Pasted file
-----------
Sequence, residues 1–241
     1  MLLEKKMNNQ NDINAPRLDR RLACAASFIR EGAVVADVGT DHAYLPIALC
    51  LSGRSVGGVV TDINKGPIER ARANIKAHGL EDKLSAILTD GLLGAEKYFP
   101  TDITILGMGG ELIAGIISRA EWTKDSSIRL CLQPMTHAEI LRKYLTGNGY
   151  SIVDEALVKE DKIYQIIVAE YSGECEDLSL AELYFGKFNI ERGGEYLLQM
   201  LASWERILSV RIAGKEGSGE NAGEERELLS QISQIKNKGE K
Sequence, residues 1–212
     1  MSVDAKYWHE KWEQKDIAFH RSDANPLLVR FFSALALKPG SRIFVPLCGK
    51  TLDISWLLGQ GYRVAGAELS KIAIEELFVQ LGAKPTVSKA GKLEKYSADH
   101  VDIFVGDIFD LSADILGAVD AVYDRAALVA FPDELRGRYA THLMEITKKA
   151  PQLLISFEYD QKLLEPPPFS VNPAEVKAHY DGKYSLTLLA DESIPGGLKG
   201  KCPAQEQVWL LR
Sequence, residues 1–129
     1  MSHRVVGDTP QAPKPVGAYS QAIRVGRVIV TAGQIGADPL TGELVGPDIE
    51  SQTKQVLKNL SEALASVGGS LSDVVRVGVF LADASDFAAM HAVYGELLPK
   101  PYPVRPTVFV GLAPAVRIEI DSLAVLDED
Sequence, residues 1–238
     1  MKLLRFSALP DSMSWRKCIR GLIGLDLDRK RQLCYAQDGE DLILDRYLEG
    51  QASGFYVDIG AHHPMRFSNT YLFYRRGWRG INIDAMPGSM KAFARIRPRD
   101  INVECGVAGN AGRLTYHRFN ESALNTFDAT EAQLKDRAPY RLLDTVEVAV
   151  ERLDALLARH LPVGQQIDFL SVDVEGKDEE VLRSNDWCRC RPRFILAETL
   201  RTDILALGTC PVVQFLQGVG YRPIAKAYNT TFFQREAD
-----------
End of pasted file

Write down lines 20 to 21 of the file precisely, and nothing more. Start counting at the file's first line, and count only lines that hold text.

   101  INVECGVAGN AGRLTYHRFN ESALNTFDAT EAQLKDRAPY RLLDTVEVAV
   151  ERLDALLARH LPVGQQIDFL SVDVEGKDEE VLRSNDWCRC RPRFILAETL